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Does nutrition really matter?

There are some people who think carrying around a bottle of filtered water all day make

them healthy. This practice may make the person healthier than if he/she did not do it,

but it does not necessarily make them “healthy” if they also smoke a pack of cigarettes a

day. On the other end of the spectrum, we all have that friend who eats (or even drinks)

whatever he/she wants and still does well on the bike. However, some people are given a

great set of genes, and no matter what they do, they will still do well. Doing well despite

a poor diet, however, does not mean that the person is doing as well as he/she could.

This particular column will give you a little perspective on the importance of nutrition for

cycling performance. Although nutrition by itself will not make you better than you

really are, without proper nutrition, you will not live up to your potential.

The basics of human adaptation are that you stress the body, the body senses the stress,

and the body takes appropriate steps so that the next time the stress is imposed, the body

is better suited to deal with the stress. The “appropriate steps” the body takes has to do

with making proteins. For instance, if you perform a bout of weight training, your body

makes proteins in the muscle that are better suited to generate force so that you can move

that weight easier next time. This example of course is why your muscles get bigger with

weight training. Not so obvious are the proteins your body makes after a long training

ride since there is no physical appearance of those proteins. The proteins your body

makes after a long training ride are the ones that make your muscle better suited to use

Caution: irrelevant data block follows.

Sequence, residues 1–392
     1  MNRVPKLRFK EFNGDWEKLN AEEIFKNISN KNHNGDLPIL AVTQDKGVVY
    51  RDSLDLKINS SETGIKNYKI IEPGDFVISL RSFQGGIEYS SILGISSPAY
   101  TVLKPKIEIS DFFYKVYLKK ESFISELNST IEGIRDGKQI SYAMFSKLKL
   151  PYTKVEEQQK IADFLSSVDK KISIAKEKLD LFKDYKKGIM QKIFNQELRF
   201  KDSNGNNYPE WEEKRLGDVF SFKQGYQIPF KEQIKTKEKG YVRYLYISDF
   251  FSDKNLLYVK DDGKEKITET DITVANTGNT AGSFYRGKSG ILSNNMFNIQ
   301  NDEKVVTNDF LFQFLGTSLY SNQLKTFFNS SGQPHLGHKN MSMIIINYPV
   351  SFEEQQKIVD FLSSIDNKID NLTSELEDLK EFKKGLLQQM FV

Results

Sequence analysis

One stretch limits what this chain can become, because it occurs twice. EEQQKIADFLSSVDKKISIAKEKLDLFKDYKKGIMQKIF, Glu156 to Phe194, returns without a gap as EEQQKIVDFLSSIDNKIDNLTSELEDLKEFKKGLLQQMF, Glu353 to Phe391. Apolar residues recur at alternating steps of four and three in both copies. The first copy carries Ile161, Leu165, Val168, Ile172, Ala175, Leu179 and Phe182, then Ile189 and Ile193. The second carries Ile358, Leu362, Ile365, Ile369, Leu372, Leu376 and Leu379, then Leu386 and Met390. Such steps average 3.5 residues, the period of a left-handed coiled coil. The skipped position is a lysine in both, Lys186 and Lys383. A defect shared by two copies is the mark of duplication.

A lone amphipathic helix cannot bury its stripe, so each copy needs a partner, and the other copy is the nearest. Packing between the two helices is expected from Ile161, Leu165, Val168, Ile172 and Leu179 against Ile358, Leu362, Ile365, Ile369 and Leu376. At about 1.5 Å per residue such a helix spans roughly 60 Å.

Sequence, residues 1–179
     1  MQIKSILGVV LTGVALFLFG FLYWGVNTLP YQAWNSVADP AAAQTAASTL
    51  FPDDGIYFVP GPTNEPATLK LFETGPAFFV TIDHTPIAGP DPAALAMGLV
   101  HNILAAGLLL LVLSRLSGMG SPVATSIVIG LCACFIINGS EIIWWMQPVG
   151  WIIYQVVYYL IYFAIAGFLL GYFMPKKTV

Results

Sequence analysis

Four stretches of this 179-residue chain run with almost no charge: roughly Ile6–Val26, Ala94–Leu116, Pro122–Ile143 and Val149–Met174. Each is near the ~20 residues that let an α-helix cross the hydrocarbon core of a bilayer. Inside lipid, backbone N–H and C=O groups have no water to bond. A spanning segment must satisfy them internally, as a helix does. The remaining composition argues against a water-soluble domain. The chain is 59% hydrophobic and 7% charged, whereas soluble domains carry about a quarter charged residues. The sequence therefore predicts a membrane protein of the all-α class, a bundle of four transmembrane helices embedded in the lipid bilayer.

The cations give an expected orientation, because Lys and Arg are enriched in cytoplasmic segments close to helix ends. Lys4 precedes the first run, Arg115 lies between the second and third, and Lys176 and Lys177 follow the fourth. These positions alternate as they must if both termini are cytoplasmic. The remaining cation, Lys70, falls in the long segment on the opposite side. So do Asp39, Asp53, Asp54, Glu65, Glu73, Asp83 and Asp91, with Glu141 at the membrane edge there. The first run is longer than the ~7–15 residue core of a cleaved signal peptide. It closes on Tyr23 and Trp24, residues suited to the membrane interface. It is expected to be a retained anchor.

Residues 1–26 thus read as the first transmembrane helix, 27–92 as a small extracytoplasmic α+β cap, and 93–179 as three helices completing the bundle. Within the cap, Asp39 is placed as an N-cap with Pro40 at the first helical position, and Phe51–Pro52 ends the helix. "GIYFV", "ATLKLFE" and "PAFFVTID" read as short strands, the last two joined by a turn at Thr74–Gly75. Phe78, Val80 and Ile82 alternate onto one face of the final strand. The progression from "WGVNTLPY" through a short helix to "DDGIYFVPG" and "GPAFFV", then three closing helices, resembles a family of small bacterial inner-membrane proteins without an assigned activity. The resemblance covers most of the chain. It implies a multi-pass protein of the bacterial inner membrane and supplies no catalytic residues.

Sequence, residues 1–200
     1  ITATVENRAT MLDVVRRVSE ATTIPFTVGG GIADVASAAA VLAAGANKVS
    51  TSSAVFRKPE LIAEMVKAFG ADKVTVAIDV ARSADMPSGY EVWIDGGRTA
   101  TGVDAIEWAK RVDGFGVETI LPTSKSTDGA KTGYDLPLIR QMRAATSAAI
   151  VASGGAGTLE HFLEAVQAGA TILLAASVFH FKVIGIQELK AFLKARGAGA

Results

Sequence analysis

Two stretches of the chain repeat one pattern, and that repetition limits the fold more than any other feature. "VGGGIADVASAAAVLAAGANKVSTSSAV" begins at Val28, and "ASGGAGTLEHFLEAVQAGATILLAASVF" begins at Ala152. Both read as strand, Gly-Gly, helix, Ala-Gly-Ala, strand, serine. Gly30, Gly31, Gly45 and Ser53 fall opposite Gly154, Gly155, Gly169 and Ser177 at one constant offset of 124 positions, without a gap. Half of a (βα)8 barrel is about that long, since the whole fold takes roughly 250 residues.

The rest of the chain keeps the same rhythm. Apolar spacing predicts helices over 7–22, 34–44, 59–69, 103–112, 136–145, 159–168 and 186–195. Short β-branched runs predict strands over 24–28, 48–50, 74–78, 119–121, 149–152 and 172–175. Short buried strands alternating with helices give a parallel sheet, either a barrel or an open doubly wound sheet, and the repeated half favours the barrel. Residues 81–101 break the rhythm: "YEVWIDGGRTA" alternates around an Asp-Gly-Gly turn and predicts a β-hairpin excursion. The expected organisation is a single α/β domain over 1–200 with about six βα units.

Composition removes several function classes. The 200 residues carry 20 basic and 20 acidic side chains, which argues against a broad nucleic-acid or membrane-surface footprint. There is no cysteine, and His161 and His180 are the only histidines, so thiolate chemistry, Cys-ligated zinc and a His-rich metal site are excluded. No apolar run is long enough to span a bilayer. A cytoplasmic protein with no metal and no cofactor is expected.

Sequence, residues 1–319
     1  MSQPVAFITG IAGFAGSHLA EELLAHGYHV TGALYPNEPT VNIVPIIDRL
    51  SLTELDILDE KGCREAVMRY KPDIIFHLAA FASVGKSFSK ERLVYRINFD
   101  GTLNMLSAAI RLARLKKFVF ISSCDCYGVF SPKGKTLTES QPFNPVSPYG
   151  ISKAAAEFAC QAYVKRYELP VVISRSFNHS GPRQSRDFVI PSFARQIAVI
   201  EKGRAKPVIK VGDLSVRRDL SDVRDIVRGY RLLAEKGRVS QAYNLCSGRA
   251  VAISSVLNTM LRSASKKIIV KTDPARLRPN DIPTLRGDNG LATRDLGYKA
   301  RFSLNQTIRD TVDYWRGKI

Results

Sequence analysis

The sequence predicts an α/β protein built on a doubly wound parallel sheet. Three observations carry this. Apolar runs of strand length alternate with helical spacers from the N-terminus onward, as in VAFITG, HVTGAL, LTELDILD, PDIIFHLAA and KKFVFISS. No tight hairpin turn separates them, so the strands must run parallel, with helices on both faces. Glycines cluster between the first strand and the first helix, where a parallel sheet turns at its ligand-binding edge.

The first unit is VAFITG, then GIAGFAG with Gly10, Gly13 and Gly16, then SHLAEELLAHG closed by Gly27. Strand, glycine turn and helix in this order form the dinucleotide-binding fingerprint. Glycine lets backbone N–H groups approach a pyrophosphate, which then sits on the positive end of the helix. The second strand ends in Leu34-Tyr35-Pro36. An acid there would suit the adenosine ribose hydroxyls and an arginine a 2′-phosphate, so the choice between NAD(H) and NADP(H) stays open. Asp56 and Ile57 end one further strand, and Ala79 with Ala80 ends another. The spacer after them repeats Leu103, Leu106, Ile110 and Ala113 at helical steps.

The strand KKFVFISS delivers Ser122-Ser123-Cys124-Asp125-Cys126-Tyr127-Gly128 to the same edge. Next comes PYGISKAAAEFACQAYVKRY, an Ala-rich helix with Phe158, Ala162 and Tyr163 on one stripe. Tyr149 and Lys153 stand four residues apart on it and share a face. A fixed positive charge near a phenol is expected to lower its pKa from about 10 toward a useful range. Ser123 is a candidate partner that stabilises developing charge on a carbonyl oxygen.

oxygen for energy production, e.g. mitochondrial proteins, enzymes, and cell



The application of adaptation to exercise training has been termed the overload principle.

What the overload principle states is that one must apply an appropriate stress to the body

so that the body is not understressed, thus providing no stimulus for adaptation, or

overstressed, causing failure and overtraining. The stress must be specific to the goal

you are trying to achieve and designed for the individual person. “Specific” has many

levels of complexity in cycling – such as we do not go running (regularly) to get better at

cycling, to doing 5 second jumps rather than 3 hours of easy riding to get better at

criteriums. Individuality refers to the fact that all of us adapt to stress differently as a

result of our genes, and therefore what might be right for us may not be right for another


There is one more component of the overload principle that most of us know all to well

and that is reversibility. What reversibility means is that if a stress is not applied for

some time, the ability to deal with that stress will go away; or said another way,

reversibility refers to detraining. A good question is why does the body detrain? Why do

we have to go through all the work of building up resistance to stress again? The answer

has to do with the proteins the body makes to help us adapt to stress. These proteins have

to be built up and broken down to stay in good working order. The process of building

up and breaking down proteins takes a lot of energy. In fact, while resting the making of

protein is the single largest consumer of energy in the body. Therefore, the economics

becomes quite simple, if the body does not a protein for a little while it gets rid of it sothat it does not waste energy sustaining it and can focus its resources on other proteins

that it does need.

As mentioned, the body “senses” a stress. The means by which it senses is beyond the

scope of this column. What is important is that the sensing of a stress sets in motion a

series of events that makes proteins. You may then ask how the body knows what

proteins to make? The search for the appropriate pathways and what turns them on is a

very active area of cellular biology research. For the purpose of this column, though, we